This year, for the first time in the 100-year history of the Westminster Dog Show, a beagle was selected best in show, the only one of his breed ever to win the country's most prestigious canine competition. Definitely the fan favorite, there was a standing ovation when the lively (and noisy), tri-colored, 3-year-old Uno won over some of the more refined poodles, terriers, Weimaraners, Australian shepherds and Akitas in the running.
This led many people to think about that other successful beagle, Snoopy, the character in the immortal four-panel Peanuts comic strip by Charles Monroe Schultz, considered to be the most popular comic in history. Peanuts first appeared on Oct. 2, 1950, and Charlie Brown's pet beagle debuted two days later (at first seen as an anonymous neighborhood pooch), not receiving his name until November (he was originally going to be called Sniffy, until Schultz discovered that the name already appeared in another strip). He didn't put what he was thinking into words at first either - those uniquely captivating thought balloons wouldn't be seen for about another two years.
Peanuts was not an instant hit. It appeared in seven papers in its 1950 debut, and in 1951 it was still carried in only 35 outlets. A Sunday page was added in 1952, and by 1956 it finally reached the 100-paper mark, having gradually added to the original cluster of characters with Linus, Schroeder, Violet and Pigpen. For all its whimsy and the seeming simplicity of its drawing, Peanuts was a remarkably complex strip in terms of the psychological identities of the characters - the gullible, self-doubting, quintessential loser Charlie Brown; the smug, pre-feminist, crabby Lucy; the philosophical Linus; the creative Schroeder; and, of course, Snoopy, the detached observer, the one true realist among them, capable of laughing, sobbing, growling, typing stories, dreaming and daydreaming, as well as miming his moods and feelings and doing imitations of a bird, a vulture, Lucy, a moose, Beethoven and Mickey Mouse.
As the strip progressed, Snoopy became more and more human, signaled by the fact that he began to walk on two feet in 1956. Even more than Charlie Brown, Snoopy became a superstar - when Schultz once identified the 12 secrets of Peanuts' success, one of them was Snoopy's doghouse, and another was Snoopy himself. The country was swept up in Snoopymania, and "Happiness is a Warm Puppy" became an international mantra - as well as a merchandising bonanza. As a result, there is an almost infinite variety of memorabilia available to the collector.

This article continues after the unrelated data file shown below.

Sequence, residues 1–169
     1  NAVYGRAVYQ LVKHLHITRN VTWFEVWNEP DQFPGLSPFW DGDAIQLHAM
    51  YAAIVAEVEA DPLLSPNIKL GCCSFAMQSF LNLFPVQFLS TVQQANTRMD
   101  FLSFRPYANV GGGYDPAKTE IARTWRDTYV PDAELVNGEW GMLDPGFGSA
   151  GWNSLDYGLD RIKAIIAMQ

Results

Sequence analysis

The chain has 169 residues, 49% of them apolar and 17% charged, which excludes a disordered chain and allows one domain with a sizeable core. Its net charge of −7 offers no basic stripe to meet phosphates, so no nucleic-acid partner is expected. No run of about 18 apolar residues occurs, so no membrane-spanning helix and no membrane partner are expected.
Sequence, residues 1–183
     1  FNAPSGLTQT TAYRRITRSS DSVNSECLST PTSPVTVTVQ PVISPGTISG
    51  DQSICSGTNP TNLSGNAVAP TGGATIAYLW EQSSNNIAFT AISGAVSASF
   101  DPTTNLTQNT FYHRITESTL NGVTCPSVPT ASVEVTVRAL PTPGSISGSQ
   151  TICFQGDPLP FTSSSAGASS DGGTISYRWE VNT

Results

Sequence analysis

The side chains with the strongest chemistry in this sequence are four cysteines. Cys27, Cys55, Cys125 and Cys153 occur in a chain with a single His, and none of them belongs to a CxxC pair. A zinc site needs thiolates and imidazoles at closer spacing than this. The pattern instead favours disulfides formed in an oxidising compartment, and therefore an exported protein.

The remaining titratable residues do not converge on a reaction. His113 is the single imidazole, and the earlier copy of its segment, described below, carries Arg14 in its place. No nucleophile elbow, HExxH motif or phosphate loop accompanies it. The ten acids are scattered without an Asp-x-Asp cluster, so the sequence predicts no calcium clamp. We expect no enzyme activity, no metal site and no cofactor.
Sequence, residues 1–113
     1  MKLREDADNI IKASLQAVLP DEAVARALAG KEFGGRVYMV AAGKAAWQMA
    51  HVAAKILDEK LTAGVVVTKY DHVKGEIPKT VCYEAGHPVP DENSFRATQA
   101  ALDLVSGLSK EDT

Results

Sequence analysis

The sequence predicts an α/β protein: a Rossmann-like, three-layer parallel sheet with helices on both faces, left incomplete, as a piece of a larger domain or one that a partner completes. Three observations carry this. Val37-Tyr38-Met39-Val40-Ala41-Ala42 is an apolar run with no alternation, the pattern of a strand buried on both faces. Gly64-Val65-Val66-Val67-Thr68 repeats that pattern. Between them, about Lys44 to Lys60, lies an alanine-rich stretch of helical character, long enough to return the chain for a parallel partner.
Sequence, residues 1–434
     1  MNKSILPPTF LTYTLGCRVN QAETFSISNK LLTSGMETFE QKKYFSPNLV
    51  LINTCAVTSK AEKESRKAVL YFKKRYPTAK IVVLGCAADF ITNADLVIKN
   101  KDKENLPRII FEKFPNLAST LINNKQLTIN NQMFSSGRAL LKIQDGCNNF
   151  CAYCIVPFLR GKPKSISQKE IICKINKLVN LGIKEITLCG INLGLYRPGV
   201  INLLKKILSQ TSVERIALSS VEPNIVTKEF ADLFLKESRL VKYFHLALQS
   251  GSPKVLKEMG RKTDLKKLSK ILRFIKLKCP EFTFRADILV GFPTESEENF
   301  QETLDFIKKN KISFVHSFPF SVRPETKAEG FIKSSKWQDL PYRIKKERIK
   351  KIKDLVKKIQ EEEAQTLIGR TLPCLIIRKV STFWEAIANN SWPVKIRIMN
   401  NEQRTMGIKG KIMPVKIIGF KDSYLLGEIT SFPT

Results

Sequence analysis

Where to begin? Much of the merchandise exploits the various personas in Snoopy's rich fantasy life. There is the helmet-, goggles- and scarf-wearing World War I aviation ace flying his Sopwith Camel to do battle with his arch-enemy Manfred von Richthofen: the Red Baron. Then there is the nonchalant, sunglasses-sporting Joe Cool Snoopy. These images, and that of the simple, quintessential pooch, appear as and on ceramic banks and figures, rubber and vinyl squeeze toys, Timex watches, vinyl astronaut figures, Mattel pop-up music boxes, a Snoopy chef wind-up toy that flips a disk in a frying pan, a 14-inch plastic guitar, a "Have Lunch With Snoopy" dome-top metal lunch box with thermos, an aviator figural music box that plays "It's a Long Way to Tipperary," a "Snoopy and the Gang" top, a bean bag, a Snoopy-as-Frankenstein stuffed toy, a Snoopy doghouse candy container, and all manner of Snoopy sheets, towels and bedspreads, though these are just the tip of the iceberg.
The most valuable of all Snoopy collectibles, of course, are examples of the original pen-and-ink comic strip art of the inimitable Charles M. Schultz.
Linda Rosenkrantz has edited Auction magazine and authored 18 books, including "Cool Names for Babies" and "The Baby Name Bible" (St. Martin's Press). She cannot answer letters personally.
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